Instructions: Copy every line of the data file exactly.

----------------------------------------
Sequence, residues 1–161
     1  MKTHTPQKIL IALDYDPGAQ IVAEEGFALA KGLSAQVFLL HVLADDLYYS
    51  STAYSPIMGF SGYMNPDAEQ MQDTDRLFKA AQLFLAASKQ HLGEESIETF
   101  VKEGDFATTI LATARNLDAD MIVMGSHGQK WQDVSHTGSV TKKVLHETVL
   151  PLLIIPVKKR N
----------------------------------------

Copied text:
Sequence, residues 1–161
     1  MKTHTPQKIL IALDYDPGAQ IVAEEGFALA KGLSAQVFLL HVLADDLYYS
    51  STAYSPIMGF SGYMNPDAEQ MQDTDRLFKA AQLFLAASKQ HLGEESIETF
   101  VKEGDFATTI LATARNLDAD MIVMGSHGQK WQDVSHTGSV TKKVLHETVL
   151  PLLIIPVKKR N